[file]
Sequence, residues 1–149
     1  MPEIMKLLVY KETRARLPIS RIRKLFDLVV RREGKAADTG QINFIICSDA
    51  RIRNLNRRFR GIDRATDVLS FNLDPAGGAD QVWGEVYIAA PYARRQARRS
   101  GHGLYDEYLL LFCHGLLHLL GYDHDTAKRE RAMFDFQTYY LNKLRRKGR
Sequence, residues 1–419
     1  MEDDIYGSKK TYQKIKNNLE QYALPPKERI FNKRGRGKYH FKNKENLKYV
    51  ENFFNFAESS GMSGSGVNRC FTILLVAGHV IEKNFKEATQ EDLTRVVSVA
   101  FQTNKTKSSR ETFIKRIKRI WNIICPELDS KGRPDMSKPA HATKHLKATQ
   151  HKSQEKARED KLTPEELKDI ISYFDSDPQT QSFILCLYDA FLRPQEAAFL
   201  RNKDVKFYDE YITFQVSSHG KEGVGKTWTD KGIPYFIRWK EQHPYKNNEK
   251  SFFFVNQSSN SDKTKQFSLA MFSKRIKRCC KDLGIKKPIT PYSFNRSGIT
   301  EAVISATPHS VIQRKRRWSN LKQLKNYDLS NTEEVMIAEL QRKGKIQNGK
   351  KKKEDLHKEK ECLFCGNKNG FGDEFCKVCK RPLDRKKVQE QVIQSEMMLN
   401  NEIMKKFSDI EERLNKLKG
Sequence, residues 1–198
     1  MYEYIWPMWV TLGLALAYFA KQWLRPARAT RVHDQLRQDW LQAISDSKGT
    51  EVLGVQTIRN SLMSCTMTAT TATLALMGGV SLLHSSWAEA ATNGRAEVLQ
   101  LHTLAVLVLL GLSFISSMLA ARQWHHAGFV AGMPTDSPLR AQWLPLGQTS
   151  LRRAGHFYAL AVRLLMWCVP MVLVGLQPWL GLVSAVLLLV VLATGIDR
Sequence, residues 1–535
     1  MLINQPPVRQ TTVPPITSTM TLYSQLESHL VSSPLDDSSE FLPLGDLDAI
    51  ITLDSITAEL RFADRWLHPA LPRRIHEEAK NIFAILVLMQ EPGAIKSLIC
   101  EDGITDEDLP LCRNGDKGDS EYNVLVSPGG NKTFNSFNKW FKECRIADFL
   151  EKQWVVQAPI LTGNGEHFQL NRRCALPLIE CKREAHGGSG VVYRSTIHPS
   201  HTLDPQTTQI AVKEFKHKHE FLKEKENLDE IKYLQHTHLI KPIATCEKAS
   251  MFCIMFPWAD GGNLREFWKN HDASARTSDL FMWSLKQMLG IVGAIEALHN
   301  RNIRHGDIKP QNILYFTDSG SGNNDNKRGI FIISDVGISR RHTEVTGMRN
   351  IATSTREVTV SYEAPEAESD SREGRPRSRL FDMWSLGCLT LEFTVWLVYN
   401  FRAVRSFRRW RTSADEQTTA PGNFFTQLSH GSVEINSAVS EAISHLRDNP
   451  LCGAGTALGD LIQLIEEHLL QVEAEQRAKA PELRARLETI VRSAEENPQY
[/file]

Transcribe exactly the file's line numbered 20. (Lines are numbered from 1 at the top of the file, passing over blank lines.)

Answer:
Sequence, residues 1–535